It’s not particularly the most hope-inducing time, especially for those of us who live in concrete cages, but there are some urban images that serve as instant pick-me-ups for the world weary. Somewhere near the top of this list lies a group of delivery executives from various food apps, parked at a street corner, exchanging damning gossip about you and me and our insatiable lusts as they wait for their next call. It’s time we invented a collective noun for this comforting sight. A boon of delivery execs? A huddle? A promise?

Those weren’t the days

Returning to Mumbai after a long escape into the lower Himalayas, where the rolling mist shrouds one’s most persistent fears in a forgetful haze, it’s time for the existential dread to return with a deafening screech. But there’s something about the city that even the most picturesque surroundings cannot match: the utter joy of knowing you can fulfill your 10am Vietnamese coffee craving, or get your 4pm samosa fix with a swipe more satisfying than any dating app can tempt you with.

In the pre-Covid days, which have taken on a mythic air of innocence and splendour, these apps were a convenience I took for granted, like movie theatres, salons and pubs. I now wonder why I didn’t spend all my time at these unspeakably decadent spaces. I dream of watching mindless matinees, followed by elaborate beauty rituals and rounded off with ill-advised cocktails. The pandemic has clearly turned me into a bourgeois cliché, deliciously depicted in Masaba Masaba, a rare upbeat watch in these thriller-obsessed times.

The forbidden cup

I’m surprised how the title The Tao of Food Apps hasn’t already been released by a canny publisher. There’s so much to learn about pandemic psychology from the way we use them. To those of us who grew up shaking out the stubborn remnants of ketchup thicker than one’s bedside pile of unread books, or re-squeezed limes till they were drier than the humour of an Englishman in a Hollywood film, the freedom is intoxicating. The idea that food can be ordered in simply for the joy it brings, and not the need it fulfills, is still radical and transgressive.

The ‘bestseller’ tag on an online menu has the power to throw even the most clear-headed orderer completely off-track!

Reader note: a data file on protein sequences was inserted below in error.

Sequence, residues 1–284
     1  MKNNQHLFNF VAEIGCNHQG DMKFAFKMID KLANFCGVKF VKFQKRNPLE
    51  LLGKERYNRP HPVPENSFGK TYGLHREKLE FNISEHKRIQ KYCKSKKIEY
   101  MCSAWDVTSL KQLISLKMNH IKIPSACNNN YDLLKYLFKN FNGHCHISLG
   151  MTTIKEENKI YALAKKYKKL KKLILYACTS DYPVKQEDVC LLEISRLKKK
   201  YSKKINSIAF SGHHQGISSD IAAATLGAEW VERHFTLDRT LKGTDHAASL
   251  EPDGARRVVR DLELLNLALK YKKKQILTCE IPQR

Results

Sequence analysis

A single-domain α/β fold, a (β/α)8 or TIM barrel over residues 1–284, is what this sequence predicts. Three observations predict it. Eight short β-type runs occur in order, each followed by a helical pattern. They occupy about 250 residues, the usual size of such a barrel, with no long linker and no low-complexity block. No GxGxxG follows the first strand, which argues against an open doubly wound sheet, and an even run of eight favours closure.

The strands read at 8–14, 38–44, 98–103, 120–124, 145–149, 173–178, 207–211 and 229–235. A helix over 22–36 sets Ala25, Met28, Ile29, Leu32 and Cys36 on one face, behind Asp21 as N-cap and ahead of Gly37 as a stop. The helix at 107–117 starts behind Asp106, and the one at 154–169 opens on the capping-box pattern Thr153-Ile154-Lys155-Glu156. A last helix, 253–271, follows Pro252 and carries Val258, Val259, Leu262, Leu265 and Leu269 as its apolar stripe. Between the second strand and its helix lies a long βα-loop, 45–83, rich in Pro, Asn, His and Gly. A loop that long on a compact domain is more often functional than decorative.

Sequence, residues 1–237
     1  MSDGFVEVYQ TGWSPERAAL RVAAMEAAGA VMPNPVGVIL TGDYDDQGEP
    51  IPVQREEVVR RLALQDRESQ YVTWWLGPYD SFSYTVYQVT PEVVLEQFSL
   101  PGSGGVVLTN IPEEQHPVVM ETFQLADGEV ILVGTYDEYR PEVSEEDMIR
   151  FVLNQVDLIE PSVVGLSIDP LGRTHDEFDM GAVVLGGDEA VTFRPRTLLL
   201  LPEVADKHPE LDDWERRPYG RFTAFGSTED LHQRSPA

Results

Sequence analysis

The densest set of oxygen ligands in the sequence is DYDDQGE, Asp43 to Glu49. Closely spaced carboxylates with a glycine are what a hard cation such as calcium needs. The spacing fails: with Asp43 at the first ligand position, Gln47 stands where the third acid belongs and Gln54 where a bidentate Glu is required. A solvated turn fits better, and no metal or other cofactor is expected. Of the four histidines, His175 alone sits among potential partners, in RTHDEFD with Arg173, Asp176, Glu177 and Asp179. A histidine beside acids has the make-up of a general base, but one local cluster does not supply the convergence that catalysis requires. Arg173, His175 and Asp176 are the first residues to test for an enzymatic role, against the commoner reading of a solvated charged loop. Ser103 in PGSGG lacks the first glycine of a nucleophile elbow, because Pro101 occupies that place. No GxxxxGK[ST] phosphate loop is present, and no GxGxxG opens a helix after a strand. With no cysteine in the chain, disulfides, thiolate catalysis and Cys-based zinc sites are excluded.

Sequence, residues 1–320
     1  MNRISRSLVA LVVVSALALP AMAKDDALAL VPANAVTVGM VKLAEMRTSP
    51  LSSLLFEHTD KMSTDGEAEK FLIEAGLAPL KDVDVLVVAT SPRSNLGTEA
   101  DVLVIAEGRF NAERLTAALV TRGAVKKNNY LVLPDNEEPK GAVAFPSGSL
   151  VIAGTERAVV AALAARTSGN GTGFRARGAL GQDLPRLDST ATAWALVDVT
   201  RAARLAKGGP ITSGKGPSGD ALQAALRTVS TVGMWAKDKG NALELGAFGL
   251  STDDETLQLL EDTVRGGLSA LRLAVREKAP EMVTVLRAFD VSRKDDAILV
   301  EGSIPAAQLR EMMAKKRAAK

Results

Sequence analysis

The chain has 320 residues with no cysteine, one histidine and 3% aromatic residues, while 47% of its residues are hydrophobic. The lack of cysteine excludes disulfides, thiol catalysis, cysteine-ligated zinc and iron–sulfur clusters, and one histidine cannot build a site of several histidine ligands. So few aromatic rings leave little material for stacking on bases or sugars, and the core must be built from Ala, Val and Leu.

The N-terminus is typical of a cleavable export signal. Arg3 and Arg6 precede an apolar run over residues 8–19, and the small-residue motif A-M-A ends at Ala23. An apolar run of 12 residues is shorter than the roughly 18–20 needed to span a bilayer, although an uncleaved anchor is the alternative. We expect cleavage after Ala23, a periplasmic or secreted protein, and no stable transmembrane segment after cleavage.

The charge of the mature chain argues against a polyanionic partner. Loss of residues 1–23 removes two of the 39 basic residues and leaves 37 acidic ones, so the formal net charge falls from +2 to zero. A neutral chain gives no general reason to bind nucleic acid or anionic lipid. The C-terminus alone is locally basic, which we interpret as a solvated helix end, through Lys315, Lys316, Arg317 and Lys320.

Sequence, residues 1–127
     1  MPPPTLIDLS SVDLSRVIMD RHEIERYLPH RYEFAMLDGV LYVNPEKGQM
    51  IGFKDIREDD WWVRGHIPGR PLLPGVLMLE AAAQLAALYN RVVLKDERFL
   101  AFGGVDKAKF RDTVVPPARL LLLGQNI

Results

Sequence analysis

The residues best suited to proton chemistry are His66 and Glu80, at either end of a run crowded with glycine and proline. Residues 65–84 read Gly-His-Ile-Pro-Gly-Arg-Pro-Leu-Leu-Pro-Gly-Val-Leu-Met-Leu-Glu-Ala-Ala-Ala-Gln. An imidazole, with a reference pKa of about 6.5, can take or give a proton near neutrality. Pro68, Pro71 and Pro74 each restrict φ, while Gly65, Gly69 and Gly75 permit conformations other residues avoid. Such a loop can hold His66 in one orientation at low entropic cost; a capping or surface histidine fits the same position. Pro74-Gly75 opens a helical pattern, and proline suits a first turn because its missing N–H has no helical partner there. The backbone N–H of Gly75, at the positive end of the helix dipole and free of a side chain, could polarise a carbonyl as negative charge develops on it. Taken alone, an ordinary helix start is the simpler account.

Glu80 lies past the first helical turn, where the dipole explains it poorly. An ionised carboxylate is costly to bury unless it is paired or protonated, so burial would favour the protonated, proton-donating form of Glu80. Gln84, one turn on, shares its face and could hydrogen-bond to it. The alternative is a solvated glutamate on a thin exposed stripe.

Coming back home to an empty apartment, a two-month old milk carton curdling in the fridge, I’ve revelled in the glory of a home-delivered cup of chai while recoiling from the extravagance of the act at the same time. Who knew a simple cup of tea could become a forbidden pleasure? I’m ashamed to admit it tasted wonderful, not least because it was spiced with freshly-ground guilt. A midnight waffle, a midday roll, anytime ramen – for best results, enjoy with a smattering of self-doubt.

Bestselling distractions

The ‘bestseller’ tag attached to items on an online menu has the power to throw even the most clear-headed orderer completely off-track. What starts off as a butter chicken and naan order gets derailed by the lure of a bestselling biryani or raan. A modest Thai curry and sticky rice order inevitably morphs into a greasy paneer chilli and burnt garlic fried rice. And an innocent jalebi expands to encompass gulab jamun, ras malai and kaju barfi. How weak the human spirit is in the face of such delicious distractions. How incapable of making the distinction between need and greed, urge and splurge. And how lucky to have the chance.

With the dark year heading towards the notional brightness of the festive season, the temptation to overuse food apps is immense. In seasons past, every food joint from the neighbourhood chaat stall to a five-star bistro would draw crowds hungry for the company as much as for the food. It’s all a bit different this troubled year, pre-occupied with safety. After months of being prudent, I finally gave in to the maddening urge that every sushi lover knows well. That slippery slope from the first thought about sashimi, to the sinful dunk into a bowl of soy, till the grateful click of chopsticks. Arigato to the gentlemen on the scooters, whose temperatures readings we are now intimately, and disturbingly, acquainted with. A sprinkling of stars is in order.

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From HT Brunch, October 18, 2020

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